Moving Plants to a New Home: What You Need to Know for a Stress-Free Relocation

Moving Plants to a New Home: What You Need to Know for a Stress-Free Relocation

Sorting and packing through an entire life’s worth of possessions is stressful. For some, perhaps, the move could be gut-wrenching, especially if it’s an unhappy one.

Regardless of whether the move is happy or unhappy, the tenets of moving out are clear: wrap fragile items in biodegradable packing paper or bubble wrap and put the rest in boxes. But what about your plants? Have you thought of their well-being?

Moving plants is a different story altogether. Plants are delicate living organisms, and changes in light, lack of humidity, and excessive bouncing around in the truck can take a toll on their health.

Earlier research by the National Institute of Health study reports that exposure to moderate temperature increases can result in cell death or injury in plants. Somewhat surprisingly, the aftermath of temperature change is only observed after a longer period of time.

Homeowners are often anxious about moving plants because of the climatic conditions. Perhaps for these reasons, many houseplants are either gifted to friends or end up on Craigslist.

Leaving your best roommates, nevertheless, is heartbreaking, especially those succulents you propagated with care. With a bit of care and forethought, though, you can safely transport all your houseplants from one place to another.

Here’s a short guide we’ve curated to walk you through things that will simplify the process of moving plants to a new home:

Factor in Time and Temperature

Never relocate plants in the height of summer when the sun’s rays are intense, the air is dry, and temperatures are soaring. Exposed roots are particularly prone to heat stress in warmer months.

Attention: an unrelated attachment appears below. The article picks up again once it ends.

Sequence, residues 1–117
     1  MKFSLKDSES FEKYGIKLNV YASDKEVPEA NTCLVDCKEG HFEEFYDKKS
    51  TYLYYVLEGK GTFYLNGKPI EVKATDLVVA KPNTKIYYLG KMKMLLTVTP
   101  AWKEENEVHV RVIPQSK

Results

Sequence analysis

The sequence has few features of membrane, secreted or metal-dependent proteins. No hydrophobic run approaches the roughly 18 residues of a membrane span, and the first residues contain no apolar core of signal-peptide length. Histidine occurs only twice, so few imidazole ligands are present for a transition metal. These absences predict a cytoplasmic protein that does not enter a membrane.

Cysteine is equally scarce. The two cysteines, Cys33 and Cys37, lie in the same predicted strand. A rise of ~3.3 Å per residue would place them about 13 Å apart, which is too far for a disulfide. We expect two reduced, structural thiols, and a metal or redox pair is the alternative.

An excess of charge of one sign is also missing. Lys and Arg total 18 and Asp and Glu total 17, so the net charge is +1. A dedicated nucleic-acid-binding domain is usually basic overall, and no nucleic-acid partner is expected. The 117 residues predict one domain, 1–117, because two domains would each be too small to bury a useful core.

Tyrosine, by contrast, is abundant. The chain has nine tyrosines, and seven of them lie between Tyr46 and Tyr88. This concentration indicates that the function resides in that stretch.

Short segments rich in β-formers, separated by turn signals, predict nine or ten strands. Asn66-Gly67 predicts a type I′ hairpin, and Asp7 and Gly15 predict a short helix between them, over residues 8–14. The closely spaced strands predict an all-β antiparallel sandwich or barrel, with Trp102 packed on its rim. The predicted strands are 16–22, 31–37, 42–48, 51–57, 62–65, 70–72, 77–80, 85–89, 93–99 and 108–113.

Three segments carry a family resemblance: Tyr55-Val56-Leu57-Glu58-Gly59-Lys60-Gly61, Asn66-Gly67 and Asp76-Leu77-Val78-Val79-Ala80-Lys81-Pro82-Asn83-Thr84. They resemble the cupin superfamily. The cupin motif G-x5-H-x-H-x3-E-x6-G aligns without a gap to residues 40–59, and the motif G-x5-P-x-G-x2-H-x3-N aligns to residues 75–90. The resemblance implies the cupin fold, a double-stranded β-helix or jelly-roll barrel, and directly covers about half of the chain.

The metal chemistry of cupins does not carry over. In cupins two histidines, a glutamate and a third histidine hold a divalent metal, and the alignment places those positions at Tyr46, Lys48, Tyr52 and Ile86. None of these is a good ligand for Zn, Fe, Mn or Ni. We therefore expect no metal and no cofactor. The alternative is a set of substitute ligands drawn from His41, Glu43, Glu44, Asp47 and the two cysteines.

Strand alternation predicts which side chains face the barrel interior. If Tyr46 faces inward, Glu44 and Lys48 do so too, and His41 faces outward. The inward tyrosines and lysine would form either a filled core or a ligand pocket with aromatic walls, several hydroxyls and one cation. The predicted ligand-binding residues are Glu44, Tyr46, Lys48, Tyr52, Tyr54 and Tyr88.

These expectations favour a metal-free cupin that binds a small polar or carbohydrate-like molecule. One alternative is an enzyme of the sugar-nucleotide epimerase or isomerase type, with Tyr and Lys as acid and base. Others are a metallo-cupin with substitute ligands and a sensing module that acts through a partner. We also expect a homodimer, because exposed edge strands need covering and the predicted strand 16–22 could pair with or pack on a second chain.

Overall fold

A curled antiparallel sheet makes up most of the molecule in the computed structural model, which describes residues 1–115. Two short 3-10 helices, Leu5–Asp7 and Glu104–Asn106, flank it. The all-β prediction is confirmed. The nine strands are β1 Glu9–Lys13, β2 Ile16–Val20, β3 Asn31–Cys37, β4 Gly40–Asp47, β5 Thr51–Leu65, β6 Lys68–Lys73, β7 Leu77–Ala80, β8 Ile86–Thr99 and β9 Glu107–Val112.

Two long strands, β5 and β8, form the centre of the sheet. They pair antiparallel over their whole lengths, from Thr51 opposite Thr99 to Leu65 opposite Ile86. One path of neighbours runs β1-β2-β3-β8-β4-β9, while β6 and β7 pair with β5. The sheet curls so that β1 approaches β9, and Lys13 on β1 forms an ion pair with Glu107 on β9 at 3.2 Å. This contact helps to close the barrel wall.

While it’s possible to relocate plants to your new home during summer, you’ll have to take extra precautions. You must water your plants properly before transporting them and make sure they aren’t left under the bare sun.

Likewise, frigid temperatures are fatal for plants. On a freezing day, leaving your plants out for a few minutes can freeze the leaves. When moving out, plants should always be the last thing to be kept in the vehicle. Otherwise, they’ll get damaged.

Hire a Plant Mover a Few Weeks Before Moving Out

Due to their messy, delicate, and perishable nature, only a handful of moving companies agree to relocate plants to a new home. That’s perhaps why many plant parents struggle to find movers.

It’s always a good idea to research movers a few weeks or months before moving out. That way, your likelihood of finding the best moving companies at reasonable rates is higher. If you book a moving company at the eleventh hour, be prepared to pay more than you’d otherwise.

Unpakt suggests that you trim off dead leaves and branches from plants a few weeks before the move. Also, repot all your plants in plastic containers before handing them to the movers. This will prevent them from tipping over during the journey.

Wrap Large and Delicate Plants

Wrapping large and delicate plants with biodegradable packing peanuts or scrunched-up newspapers will keep them safe from damage.

Large plants like fiddle leaf fig trees won’t fit in boxes. Wrap them in horticulture fleece before loading them in your car or handing them to movers. While horticulture fleece is designed for use in winter, it provides excellent padding to the plants without weighing them down.

Label the Boxes

Whether you use containers or boxes, labeling them is necessary. Label boxes with delicate plants as “Fragile” so that movers will handle them with care. For small distances, you can tape the box shut. However, cut out a few holes in the boxes so that the plants can breathe properly. Also, if you tape the box, don’t forget to write “This side up” to ensure proper handling.

Find a Snug Spot for Delicate and Soft Plants

Delicate plants like ferns and succulents get damaged more easily than large plants. Load them in a snug spot so that they remain safe in transit.

You can place a small planter in your car’s cup holder, as it won’t wiggle much. Hence, the possibility of damage is less. However, if you’ve hired a moving company to transport your plants to a new place, store small plants in snug boxes.

A few plants, like Burro’s tail, aren’t worth relocating, as they are sensitive to movement. When planning to relocate plants, it’s best to use your judgment.

A Final Word

It’s normal for plants to be stressed after they are moved to a new location. However, preparing them a few weeks before moving out, packing them securely, and transporting them properly is the key to a successful move.

As soon as they reach your new home, unpack them, allow them to settle in, and feed them after a couple of weeks to avoid stressing them.